Skip to main content

In This Volume

  • 97 (1) For the purposes of giving effect to a division of property or family debt under this Part or Part 6, the Supreme Court may
  • (a) determine any matter respecting the ownership, right of possession, or division of the property or family debt, and
  • (b) despite sections 94(2) and 215(2), and subject to subsection (3) of this section, make any order that is necessary, reasonable or ancillary to give effect to the division.
  • (2) Without limiting subsection (1), the Supreme Court may make an order to do one or more of the following:
  • (a) declare who has ownership of, or right of possession to, property;
  • (b) require that title to a specified property granted to a spouse be transferred to, held in trust for, or vested in the spouse, absolutely, for life or for a term of years;
  • (c) require a spouse to pay compensation to the other spouse if property has been disposed of, transferred, converted, or exchanged into another form, or for the purpose of dividing the property;
  • (d) require partition or sale of property and payment to be made out of the proceeds of sale to one spouse or both in specified proportions or amounts;
  • (e) require property forming all or a part of the share of either or both spouses to be transferred to, held in trust for, or vested in a child;
  • (f) require a spouse to give security, in any form the court directs, for the performance of an obligation imposed by an order under this section, including a charge on property;
  • (g) require a spouse to waive or release in writing any right, benefit or protection given by section 23 of the Chattel Mortgage Act, R.S.B.C. 1979, c. 48, section 19 of the Sale of Goods on Condition Act, R.S.B.C. 1979, c. 373, or section 58 or 67 of the Personal Property Security Act;
  • (h) subject to subsection (3), declare that one spouse is responsible for payment of an item of family debt and must indemnify the other spouse for the item of family debt;
  • (i) require the sale of property for the purposes of paying an item of family debt;
  • (j) transfer property to a spouse.
  • (3) An order in relation to family debt applies only as between the spouses and does not affect an agreement between a spouse and any other person.
  • (4) Nothing in this section permits the Supreme Court to divide excluded property unless permitted under section 96.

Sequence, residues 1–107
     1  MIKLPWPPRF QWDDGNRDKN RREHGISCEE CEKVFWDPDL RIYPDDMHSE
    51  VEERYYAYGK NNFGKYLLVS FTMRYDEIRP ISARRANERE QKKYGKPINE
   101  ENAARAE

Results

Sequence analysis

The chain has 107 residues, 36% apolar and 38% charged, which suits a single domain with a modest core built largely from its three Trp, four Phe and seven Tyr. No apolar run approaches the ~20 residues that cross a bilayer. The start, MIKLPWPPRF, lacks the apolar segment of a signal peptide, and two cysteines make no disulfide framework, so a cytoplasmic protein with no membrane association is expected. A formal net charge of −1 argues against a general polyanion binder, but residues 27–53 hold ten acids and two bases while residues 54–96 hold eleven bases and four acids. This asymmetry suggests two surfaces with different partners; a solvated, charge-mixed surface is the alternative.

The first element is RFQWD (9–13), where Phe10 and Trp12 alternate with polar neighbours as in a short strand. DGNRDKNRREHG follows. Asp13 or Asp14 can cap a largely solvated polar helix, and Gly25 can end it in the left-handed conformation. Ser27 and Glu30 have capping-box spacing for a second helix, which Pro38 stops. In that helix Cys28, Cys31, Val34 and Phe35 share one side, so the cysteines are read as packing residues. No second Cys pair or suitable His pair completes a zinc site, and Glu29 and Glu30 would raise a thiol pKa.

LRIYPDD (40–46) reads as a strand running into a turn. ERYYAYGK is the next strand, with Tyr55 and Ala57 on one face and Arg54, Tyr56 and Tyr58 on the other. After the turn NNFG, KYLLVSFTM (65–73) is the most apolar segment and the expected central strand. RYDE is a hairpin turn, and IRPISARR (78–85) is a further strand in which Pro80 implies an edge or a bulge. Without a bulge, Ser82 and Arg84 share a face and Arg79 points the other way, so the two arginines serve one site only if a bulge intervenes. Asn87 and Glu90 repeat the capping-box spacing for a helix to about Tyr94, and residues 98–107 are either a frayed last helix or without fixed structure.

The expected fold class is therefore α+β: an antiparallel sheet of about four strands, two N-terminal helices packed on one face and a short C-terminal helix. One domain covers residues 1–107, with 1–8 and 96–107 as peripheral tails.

2011-25-97, effective March 18, 2013 (B.C. Reg. 131/2012).


Registration of Orders under Section 97

The registrar may change title to the land or to a charge on land if an order under s. 97 contains clear words of present vesting. The registrar is of the opinion that the language in s. 97(2)(f), for a charge on property, will be in the form of a direction to the spouse to give security by granting a charge on property and not the court creating a charge on the property through the court order.


On the Form 17 Fee Simple or, where applicable, the Form 17 Charge, Notation or Filing, select Nature of Interest, Vesting by Court Order, and attach an image of the court certified copy of the court order.


Registration of Indefeasible Title by Court Order

See s. 34 of the Land Title Act.

See Di Castri, Registration of Title to Land, vol. 1, paras. 260 and 319, and vol. 3, para. 967.


The following case was decided under s. 65 of the Family Relations Act (repealed S.B.C. 2011, c. 25, s. 259).

Although the court can order that encumbrances on family assets be discharged out of the assets of the spouses, it cannot order that a holder of a registered charge divest itself of its interest. Consequently, a judgment for legal fees registered against the one-half interest of the applicant’s spouse in the matrimonial home prior to a consent order transferring the spouse’s interest to the applicant could not be cancelled upon application to the court under s. 229 of the Land Title Act. A lis pendens had not been filed before the registration of the judgment, but a lis pendens would not have had any significance given that the spouse’s interest was being transferred rather than reapportioned under s. 65 of the Family Relations Act. Furthermore, a mutual restraining order that restrained and enjoined the parties from further encumbering the property did not invalidate the subsequent registration of the judgment since the order applied only to the parties, not the judgment debtor (Domirti v. Domirti, 1996 CanLII 1619 (BC SC)).